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Charlotte Amalie
Thursday, May 30, 2024
HomeNewsArchivesFCC Gives Final OK to AT&T Buying Centennial

FCC Gives Final OK to AT&T Buying Centennial

The Federal Communications Commission granted final approval Thursday to the sale of Centennial Communications Corp. to AT&T, enabling the telecommunications giant to expand its coverage across the Midwest and Southeast, Puerto Rico and the U.S. Virgin Islands.

The sale recently was announced on the FCC’s website, as well as several other national business news outlets. Centennial provides cell phone, fixed line and broadband service to about 660,000 customers in the U.S. and about 440,000 customers in Puerto Rico and the U.S. Virgin Islands, according to the FCC website.

Under terms of the agreement, AT&T would acquire 100 percent of Centennial’s stock at $8.50 per share, for a total equity price of $944 million. Including net debt, the total enterprise value is approximately $2.8 billion. The acquisition was subject to U.S. Justice Department and FCC approval.

The Justice Department approved the sale in mid-October, but said AT&T would have to let go of eight Centennial service areas in Louisiana and Mississippi — five of which will be sold to Verizon Wireless. The FCC factored that in as condition of its recent approval, along with various other commitments, including AT&T’s pledge to maintain Centennial’s CDMA2000 wireless network in Puerto Rico and the territory for 18 months before switching over to its own platform.

On the mainland, AT&T will work to rebrand Centennial by late January 2010, making its products and services available to Centennial customers at more than 100 retail locations, according to a recent AT&T release. Former Centennial wireless subscribers will be able to keep their existing plans, but will also be able to switch over to AT&T without any activation or upgrade fees.

Meanwhile, the Centennial brand will be maintained in Puerto Rico and the USVI until mid-2010, the release said. The FCC has also required AT&T to maintain Centennial’s current network roaming agreements for four years under certain conditions, according to national news reports.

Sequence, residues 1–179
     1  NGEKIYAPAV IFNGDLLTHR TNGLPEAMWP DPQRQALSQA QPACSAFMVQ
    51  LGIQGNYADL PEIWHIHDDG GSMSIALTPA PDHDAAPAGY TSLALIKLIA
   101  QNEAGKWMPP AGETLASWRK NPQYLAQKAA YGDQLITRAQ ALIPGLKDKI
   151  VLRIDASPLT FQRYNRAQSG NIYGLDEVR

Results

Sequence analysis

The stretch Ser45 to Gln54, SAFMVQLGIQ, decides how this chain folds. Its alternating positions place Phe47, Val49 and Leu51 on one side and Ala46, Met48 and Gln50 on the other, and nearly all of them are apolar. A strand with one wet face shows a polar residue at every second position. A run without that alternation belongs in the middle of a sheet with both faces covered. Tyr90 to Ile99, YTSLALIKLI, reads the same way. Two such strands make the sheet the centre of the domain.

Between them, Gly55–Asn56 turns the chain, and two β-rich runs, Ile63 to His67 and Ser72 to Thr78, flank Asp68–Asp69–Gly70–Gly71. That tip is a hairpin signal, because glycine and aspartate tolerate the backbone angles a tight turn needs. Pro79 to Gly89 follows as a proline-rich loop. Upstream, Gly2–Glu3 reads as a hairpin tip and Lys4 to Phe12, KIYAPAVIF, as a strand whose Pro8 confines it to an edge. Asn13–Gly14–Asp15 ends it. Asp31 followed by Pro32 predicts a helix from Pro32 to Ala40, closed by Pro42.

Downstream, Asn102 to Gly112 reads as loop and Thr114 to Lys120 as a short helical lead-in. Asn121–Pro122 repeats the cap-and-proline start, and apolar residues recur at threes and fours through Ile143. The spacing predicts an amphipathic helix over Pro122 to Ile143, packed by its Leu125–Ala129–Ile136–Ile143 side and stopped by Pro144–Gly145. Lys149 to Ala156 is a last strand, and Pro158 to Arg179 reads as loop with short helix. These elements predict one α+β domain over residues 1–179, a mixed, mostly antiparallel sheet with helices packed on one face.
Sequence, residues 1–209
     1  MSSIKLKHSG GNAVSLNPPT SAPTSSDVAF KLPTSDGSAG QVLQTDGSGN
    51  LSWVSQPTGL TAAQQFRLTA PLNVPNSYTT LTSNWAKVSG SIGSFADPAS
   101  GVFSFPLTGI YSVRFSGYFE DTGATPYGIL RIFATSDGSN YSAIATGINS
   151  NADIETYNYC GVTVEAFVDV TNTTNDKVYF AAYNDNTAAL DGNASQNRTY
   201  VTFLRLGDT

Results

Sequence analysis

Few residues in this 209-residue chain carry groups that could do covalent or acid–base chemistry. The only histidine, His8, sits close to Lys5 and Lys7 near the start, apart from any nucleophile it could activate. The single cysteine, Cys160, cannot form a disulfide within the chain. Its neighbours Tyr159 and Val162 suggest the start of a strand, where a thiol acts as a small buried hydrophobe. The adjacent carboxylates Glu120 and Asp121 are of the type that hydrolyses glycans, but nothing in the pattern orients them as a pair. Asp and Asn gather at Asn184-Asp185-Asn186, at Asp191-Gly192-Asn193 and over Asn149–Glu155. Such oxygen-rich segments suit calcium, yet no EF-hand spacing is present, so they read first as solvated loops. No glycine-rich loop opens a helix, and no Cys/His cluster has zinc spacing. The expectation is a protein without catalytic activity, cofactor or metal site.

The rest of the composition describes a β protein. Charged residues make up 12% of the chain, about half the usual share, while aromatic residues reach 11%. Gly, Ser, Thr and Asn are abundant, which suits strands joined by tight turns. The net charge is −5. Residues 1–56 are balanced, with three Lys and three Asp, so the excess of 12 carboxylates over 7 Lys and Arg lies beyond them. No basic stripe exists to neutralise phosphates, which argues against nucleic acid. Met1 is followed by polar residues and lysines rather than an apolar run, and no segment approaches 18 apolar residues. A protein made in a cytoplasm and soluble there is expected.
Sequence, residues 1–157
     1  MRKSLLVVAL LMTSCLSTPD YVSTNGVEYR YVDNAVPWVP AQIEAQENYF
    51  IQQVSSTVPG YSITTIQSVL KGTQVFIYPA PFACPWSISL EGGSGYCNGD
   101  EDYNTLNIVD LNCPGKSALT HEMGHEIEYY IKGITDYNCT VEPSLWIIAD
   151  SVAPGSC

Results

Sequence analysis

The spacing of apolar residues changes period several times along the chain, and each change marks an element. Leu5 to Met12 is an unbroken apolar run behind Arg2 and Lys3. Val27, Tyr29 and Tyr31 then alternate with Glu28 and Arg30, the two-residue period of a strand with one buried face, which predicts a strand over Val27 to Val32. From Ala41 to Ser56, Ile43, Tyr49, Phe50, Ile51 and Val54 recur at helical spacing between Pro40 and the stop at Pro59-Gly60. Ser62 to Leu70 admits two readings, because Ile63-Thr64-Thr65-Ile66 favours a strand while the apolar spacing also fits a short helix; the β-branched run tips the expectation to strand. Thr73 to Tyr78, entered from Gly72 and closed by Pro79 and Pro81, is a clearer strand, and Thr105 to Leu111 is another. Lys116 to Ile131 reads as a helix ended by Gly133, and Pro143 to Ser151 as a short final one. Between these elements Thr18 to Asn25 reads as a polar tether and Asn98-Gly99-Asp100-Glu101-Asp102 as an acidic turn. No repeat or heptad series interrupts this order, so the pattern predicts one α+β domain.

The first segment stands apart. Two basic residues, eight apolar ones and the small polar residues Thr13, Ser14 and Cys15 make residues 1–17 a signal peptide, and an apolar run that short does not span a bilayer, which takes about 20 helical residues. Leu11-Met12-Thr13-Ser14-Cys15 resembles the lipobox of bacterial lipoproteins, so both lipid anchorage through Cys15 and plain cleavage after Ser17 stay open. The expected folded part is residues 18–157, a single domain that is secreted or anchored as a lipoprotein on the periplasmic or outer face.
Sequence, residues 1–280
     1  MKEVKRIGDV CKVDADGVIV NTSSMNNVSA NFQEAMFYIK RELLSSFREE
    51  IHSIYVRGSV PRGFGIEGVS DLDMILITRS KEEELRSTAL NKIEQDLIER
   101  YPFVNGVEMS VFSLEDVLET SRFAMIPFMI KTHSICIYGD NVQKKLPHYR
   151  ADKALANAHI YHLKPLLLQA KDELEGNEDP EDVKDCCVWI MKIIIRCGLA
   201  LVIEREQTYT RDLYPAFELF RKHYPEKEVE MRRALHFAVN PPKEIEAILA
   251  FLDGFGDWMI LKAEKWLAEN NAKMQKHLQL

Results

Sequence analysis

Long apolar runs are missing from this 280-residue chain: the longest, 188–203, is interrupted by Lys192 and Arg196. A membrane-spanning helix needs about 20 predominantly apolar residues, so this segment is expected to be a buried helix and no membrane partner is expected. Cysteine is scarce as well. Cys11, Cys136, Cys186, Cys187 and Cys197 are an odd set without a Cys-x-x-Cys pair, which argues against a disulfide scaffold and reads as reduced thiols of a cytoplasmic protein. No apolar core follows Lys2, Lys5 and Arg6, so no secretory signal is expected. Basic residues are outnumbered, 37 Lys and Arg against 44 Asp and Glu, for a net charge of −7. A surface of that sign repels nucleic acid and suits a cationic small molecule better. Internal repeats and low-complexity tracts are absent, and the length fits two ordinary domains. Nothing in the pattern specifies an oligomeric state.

Before the switch, AT&T plans to roll out its 3G wireless network at more than 200 Centennial sites. The plan includes adding 3G capabilities at more than 100 sites and expanding 3G coverage and capacity at approximately 100 sites, according to AT&T’s release.

"The addition of Centennial will enhance AT&T’s assets in wireless — a strategic priority and one of our biggest growth drivers — and service for customers of both companies,” Ralph de la Vega, president and chief executive officer of AT&T Mobility and Consumer Markets, said in a statement Friday. “We’ll also improve network reliability for our wireless subscribers who will be able to make on-network calls in the Centennial footprint."

During a Public Services Commission meeting in February, Centennial representatives said the move would give its local customers access to a network with the "best" worldwide coverage, a broader range of wireless devises and what they called the "nation’s largest" Wi-Fi network, among other things.

"What’s most critical to the U.S. Virgin Islands is that we will be better prepared to respond to natural disasters," Jorge Bauermeister, Centennial’s attorney, said during the February meeting.

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